Rod Stewart
Rod Stewart
 
Atlantic Crossing
A Night On the Town
 
 

Release Date: June 30, 2009
Produced by: Tom Dowd
Format: 2CD

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07/01/2009
Matt Rowe


 

Rod Stewart's career has steadily careened away from the path of The Faces with each subsequent album release.  Since the massive success of his single, “Maggie May,” Rod had been more convinced that his 'smoke all day, drink all night' soulful voice that added value to The Jeff Beck Group and Faces, was destined to be greater than the road he was then traveling.  And he was right.

Soon, he would move away from the folk-like music that he was building his solo career with.  The beginning of that was his R&B/Rock-fused Atlantic Crossing.  In that album, he employed the historic players of the MGs (Dunn, Cropper, Jackson).  Not a Faces in sight, the album marked the new direction of Rod Stewart that would change him yet again in his next, A Night on The Town, until, with the world-wide acceptance of that 1976 album, thanks to a racy “Tonight's the Night,” Rod Stewart would move forcefully into a hits-laden career as different from his musical beginnings as these two albums were from anything produced by Faces.

Rhino Records has released Limited Editions of these two transitional albums that add in a second disc of expanded works, all previously unissued.   On the newly re-mastered Atlantic Crossing, the second disc provides not only three studio outtakes that did not make the cut, but also an Alternate Version of Atlantic Crossing.  All of the three outtakes are good jewels to add to this set and I'm glad they're here.  The soulful “Holy Cow” is the best of the three and could have easily been built into the original.  If the age of CDs had existed then, they surely would have been included.  “Return to Sender” is not your Elvis Presley version but it does a great job nonetheless. 

What makes the Alternate Version of Atlantic Crossing so interesting is that they are recorded as if Rod Stewart intended to remain as he had been musically, pre-Atlantic Crossing.  These versions alone are gold in that you get to hear what these songs might have been as they are excellent right out of the gate.  In fact, I love them more than the original.  There's more of Faces here than we have heard on the original cut.  There's even an alternate version of Disc One's bonus cut, “Skye Boat Song,” a song of passing interest, not compelling in any way.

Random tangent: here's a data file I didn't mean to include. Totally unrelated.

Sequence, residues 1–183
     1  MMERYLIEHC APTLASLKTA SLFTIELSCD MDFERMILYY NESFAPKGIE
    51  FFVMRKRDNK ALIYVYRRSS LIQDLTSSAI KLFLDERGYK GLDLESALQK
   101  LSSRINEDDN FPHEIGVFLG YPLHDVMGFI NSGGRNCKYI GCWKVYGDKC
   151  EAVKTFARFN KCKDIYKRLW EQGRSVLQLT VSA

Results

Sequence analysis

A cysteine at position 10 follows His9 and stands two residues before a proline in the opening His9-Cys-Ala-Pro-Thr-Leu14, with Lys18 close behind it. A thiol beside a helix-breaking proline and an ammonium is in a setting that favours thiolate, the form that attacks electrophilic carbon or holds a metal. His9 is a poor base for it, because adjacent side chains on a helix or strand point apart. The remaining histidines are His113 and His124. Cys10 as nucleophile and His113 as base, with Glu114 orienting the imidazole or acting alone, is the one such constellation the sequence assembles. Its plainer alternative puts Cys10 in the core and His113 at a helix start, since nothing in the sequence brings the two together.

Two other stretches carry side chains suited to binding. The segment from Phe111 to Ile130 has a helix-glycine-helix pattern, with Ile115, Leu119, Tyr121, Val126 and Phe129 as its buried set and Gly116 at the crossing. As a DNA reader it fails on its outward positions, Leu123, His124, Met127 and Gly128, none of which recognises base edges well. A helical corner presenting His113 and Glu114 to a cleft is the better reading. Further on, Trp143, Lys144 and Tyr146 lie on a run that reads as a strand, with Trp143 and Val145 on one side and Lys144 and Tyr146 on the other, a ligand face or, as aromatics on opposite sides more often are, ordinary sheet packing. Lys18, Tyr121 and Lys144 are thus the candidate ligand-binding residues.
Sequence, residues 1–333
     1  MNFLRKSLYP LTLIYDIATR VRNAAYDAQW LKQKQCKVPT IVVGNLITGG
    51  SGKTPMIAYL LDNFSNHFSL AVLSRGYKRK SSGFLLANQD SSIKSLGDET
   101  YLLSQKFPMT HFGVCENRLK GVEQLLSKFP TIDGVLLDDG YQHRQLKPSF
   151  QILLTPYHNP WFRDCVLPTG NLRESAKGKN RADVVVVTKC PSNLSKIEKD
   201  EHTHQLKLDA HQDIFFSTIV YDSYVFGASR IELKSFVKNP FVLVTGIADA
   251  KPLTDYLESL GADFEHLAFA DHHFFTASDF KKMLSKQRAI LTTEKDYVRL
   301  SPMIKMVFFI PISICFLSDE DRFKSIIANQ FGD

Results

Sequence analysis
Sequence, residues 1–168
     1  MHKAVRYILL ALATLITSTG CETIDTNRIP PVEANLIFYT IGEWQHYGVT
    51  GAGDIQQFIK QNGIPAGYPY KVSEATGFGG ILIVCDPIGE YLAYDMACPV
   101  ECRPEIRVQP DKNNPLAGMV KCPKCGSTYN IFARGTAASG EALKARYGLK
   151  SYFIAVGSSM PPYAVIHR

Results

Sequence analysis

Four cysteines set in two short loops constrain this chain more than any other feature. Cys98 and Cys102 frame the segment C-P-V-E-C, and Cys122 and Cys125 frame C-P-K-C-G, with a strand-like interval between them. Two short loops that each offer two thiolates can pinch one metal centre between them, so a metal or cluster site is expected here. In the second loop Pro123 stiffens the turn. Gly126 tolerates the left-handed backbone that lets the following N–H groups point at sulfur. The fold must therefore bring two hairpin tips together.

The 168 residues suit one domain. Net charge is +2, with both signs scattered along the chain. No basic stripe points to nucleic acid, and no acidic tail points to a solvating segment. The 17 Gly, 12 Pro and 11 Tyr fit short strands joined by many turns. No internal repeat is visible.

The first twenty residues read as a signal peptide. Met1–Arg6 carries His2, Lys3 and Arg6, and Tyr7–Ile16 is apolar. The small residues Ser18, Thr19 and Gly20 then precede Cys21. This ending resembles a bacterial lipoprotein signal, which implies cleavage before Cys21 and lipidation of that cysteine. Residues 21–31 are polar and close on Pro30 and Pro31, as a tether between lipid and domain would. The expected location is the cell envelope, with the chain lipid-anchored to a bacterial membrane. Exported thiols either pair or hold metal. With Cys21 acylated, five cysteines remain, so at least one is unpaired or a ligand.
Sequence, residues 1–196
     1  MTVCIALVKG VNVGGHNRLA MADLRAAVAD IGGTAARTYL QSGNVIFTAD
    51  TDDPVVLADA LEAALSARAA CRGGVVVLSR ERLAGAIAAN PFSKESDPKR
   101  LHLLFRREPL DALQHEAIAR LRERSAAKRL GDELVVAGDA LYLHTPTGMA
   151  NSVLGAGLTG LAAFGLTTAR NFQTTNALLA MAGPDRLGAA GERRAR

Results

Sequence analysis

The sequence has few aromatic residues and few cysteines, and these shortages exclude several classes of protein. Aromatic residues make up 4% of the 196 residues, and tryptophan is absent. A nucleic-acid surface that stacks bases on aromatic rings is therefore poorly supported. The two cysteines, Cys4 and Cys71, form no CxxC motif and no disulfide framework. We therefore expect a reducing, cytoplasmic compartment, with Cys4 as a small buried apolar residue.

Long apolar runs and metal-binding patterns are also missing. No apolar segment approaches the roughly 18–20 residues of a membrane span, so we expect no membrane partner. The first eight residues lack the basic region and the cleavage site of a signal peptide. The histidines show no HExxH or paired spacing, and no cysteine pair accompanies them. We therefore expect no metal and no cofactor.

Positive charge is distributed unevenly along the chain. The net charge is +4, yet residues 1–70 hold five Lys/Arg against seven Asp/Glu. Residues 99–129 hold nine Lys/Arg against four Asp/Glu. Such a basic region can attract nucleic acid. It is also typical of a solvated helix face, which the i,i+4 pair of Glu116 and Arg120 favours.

Mega-success found Rod Stewart on a world-wide basis with the release of his charged A Night on the Town.  With several high-profile hits, the album surpassed anything Rod Stewart could have hoped for.  This Limited Edition 2CD adds in the B-side tune of “Rosie,” found on the 45 of “The Killing of Georgie” as the bonus cut of Disc One.  The second disc provides an unused studio outtake in “Share.”  “Share”is a little off-kilter from the sound of the album but good nevertheless.  Like the new Rhino-released Atlantic Crossing, there is an Alternate Version of A Night on the Town.  This early version of the album is less polished but, like Atlantic Crossing, shows a side that still wants to maintain that early Stewart shadow as if there was a sense of uncertainty.  If you're an early, pre-Atlantic Crossing Rod Stewart fan, you'll absolutely love these recordings.  While this early version of “Tonight's the Night (Gonna Be Alright)” is recognizable, it is as far away from the original cut that you'll be amazed – and delighted – that they exist.

“Rosie” has an early version here as well.  But you'll definitely enjoy the cut of “Get Back,” a cover of the popular Beatles song.  There are two playful hidden cuts after the alternate cut of “Get Back.”  The second is a bit racy.  It is a French woman (speaking French) stating that she is scared and nervous, but that tonight is the night.

Both albums have been remastered and as such, are quite good.

The booklets found in both provide essays (author Sean Egan pens the essay for Atlantic Crossing, while Ben Edmonds writes for A Night on the Town).  The booklets also provide track listings, photos, and complete credits for each album.  Both are housed in tri-fold digipaks.

Both of these Rod Stewart albums are essential adds to your library in that they not only are well-mastered, they also bring out the session works of each album, providing you with an extraordinary chance to be a part of each album's creation, both what is and what might have been.  Rod Stewart fans on both sides of the fence will be well-pleased with both reissues.

 

 
 
 
 
 
 
 
 
 
 
 
 

 



 
     
     
     

 

 

   
 
     

 

Copyright 2002-2009 Matthew Rowe.
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